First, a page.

Friday, May 10, 2013

7 Quick Takes Friday (#6)

--- 1 ---
Today I'm officially graduating with my Master's in Pastoral Studies! Yay! Now, if I could only find work...

--- 2 ---
Of course, I didn't go into the degree for the dough. I went because first I thought I wanted to be a DRE. Then, I thought I had a calling to be a hospital chaplain. Now, faced with a pile of student loan bills, like many of my fellow grads, I'd just be happy to get a job that is in my field.


--- 3 ---
So, what am I passionate about? While my academic and personal experience backgrounds are primarily in end-of-life issues, I've had a lot of beginning-of-life issues fall on my plate lately. These include but are not limited to: helping women with unplanned or crisis pregnancies, helping women with painful birth experiences, and reclaiming women's bodies from the abortion and birth control industries. A lot of this stems from the birth of my son. He was unplanned and his birth was traumatic. It makes me very, very sympathetic to women who are not as lucky as I was and those with much scarier stories than I do.
--- 4 ---
Now, the funny thing about life issues is that they are all interrelated. When the use of contraceptives goes up, so does the abortion rate (I know the citation there is biased, just bear with me). When we start killing severely handicapped babies to "spare them pain", we are pressuring adults with disabilities to die as well. On the other side of that coin, I find it remarkably inconsistent for those who are "pro-life" to be war-mongers and pro-death penalty as well. For faithful Catholics, election day should be torture, because we cannot with a clear conscience vote either Republican or Democrat. It's as simple as that.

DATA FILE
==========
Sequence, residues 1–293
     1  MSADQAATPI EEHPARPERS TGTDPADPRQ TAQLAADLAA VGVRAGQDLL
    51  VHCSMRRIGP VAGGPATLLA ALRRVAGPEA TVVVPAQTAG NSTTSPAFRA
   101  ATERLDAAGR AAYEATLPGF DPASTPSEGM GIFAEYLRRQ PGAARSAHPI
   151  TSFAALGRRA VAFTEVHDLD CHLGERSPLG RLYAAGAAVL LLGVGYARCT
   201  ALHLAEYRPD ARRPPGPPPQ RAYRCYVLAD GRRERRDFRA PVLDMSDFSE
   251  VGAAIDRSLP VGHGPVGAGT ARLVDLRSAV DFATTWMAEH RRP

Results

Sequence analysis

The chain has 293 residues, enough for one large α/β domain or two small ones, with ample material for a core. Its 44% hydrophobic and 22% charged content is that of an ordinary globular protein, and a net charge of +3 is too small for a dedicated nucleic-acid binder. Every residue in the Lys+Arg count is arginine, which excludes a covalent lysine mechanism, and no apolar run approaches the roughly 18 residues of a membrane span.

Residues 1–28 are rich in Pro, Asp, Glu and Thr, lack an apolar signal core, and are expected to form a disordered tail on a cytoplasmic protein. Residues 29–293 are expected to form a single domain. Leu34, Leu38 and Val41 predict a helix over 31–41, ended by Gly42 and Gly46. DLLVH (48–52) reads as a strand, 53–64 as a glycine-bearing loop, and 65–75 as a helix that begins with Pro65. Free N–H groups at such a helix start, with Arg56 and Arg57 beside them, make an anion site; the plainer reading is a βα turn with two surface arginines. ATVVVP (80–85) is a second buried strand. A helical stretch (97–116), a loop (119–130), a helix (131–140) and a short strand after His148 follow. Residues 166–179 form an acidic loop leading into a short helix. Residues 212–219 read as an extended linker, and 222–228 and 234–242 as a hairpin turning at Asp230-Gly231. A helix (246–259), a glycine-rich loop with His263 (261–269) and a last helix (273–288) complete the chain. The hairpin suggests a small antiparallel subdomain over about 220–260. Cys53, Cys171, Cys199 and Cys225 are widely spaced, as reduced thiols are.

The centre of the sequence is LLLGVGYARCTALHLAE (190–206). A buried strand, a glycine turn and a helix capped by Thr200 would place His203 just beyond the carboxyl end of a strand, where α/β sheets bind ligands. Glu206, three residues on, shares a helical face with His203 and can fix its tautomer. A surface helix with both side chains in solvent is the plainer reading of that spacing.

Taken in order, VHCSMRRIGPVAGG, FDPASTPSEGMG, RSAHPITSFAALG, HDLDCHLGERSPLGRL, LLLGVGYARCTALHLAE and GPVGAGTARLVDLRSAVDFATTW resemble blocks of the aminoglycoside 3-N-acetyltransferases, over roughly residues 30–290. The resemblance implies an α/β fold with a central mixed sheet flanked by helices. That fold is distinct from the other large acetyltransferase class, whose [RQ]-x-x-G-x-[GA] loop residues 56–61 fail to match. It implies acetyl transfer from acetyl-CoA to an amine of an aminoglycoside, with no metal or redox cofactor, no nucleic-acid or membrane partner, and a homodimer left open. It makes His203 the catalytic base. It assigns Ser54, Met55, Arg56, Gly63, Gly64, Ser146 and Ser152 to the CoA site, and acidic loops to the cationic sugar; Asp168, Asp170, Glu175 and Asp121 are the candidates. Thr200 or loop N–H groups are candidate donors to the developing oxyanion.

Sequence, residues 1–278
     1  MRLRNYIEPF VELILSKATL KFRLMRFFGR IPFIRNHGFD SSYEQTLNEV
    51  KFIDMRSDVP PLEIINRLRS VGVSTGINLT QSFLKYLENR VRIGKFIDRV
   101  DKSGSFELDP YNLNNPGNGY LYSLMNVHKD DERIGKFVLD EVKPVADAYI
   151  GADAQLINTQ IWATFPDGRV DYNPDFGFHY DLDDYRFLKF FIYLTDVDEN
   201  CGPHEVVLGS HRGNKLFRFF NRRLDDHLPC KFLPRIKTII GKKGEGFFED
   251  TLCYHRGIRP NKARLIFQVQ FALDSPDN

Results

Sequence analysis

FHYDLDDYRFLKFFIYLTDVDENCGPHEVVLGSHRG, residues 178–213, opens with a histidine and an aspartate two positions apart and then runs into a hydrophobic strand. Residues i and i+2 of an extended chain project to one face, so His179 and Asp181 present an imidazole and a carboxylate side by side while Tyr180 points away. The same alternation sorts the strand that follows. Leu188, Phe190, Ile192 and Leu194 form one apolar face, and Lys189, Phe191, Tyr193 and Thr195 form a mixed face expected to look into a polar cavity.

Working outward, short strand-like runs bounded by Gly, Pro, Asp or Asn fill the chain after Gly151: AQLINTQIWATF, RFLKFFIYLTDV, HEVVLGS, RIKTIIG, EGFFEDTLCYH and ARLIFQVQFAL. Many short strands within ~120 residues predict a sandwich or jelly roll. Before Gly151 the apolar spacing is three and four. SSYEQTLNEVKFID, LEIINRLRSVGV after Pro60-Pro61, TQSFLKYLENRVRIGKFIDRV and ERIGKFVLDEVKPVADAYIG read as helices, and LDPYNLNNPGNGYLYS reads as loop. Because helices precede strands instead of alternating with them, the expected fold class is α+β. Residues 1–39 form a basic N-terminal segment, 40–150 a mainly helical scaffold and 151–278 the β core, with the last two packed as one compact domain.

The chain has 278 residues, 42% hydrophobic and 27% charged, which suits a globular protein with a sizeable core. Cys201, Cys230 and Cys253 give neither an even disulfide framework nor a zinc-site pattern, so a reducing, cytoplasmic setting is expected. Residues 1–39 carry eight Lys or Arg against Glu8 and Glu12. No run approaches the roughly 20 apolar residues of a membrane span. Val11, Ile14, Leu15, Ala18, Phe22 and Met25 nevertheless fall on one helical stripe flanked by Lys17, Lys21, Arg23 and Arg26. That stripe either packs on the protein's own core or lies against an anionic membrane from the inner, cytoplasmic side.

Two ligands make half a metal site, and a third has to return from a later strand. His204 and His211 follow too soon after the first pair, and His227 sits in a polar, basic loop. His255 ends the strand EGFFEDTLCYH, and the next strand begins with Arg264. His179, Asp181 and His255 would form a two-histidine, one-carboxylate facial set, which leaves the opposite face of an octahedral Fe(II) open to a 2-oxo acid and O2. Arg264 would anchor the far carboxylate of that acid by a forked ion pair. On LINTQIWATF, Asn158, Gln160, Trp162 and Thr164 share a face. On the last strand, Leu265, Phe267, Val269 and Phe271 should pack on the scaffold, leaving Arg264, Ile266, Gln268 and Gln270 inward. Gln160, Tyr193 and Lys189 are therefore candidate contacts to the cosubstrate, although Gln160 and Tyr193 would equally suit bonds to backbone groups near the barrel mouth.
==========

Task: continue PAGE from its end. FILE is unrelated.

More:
--- 5 ---
It's all about the consistent life ethic:

If one contends, as we do, that the right of every fetus to be born should be protected by civil law and supported by civil consensus, then our moral, political and economic responsibilities do not stop at the moment of birth. Those who defend the right to life of the weakest among us must be equally visible in support of the quality of life of the powerless among us: the old and the young, the hungry and the homeless, the undocumented immigrant and the unemployed worker.
Such a quality of life posture translates into specific political and economic positions on tax policy, employment generation, welfare policy, nutrition and feeding programs, and health care.
—Cardinal Joseph Bernardin
in Consistent Ethic of Life (Sheed & Ward)

--- 6 ---
On a lighter note, another video my confirmation kids shared with me:

--- 7 ---
So, a chapter of my life is over. I don't have to learn anymore, do I?

Nope, once a theology student, always a theology student. Especially if said theology student is wanting to become a Lay Dominican.

For more Quick Takes, visit Conversion Diary!

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